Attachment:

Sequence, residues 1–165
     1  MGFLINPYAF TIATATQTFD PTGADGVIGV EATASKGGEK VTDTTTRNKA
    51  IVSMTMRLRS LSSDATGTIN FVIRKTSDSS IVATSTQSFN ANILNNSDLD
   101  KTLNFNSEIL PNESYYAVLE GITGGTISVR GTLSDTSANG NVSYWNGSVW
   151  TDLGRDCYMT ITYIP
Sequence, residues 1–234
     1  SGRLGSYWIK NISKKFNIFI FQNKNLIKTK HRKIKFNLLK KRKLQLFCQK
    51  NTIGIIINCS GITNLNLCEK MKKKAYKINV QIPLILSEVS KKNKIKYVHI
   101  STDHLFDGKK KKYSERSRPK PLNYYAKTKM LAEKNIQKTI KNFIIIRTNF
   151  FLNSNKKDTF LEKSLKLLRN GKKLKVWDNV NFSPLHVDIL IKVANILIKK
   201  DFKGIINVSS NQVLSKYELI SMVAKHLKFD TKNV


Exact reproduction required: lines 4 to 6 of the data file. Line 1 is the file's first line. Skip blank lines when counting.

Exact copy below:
   101  KTLNFNSEIL PNESYYAVLE GITGGTISVR GTLSDTSANG NVSYWNGSVW
   151  TDLGRDCYMT ITYIP
Sequence, residues 1–234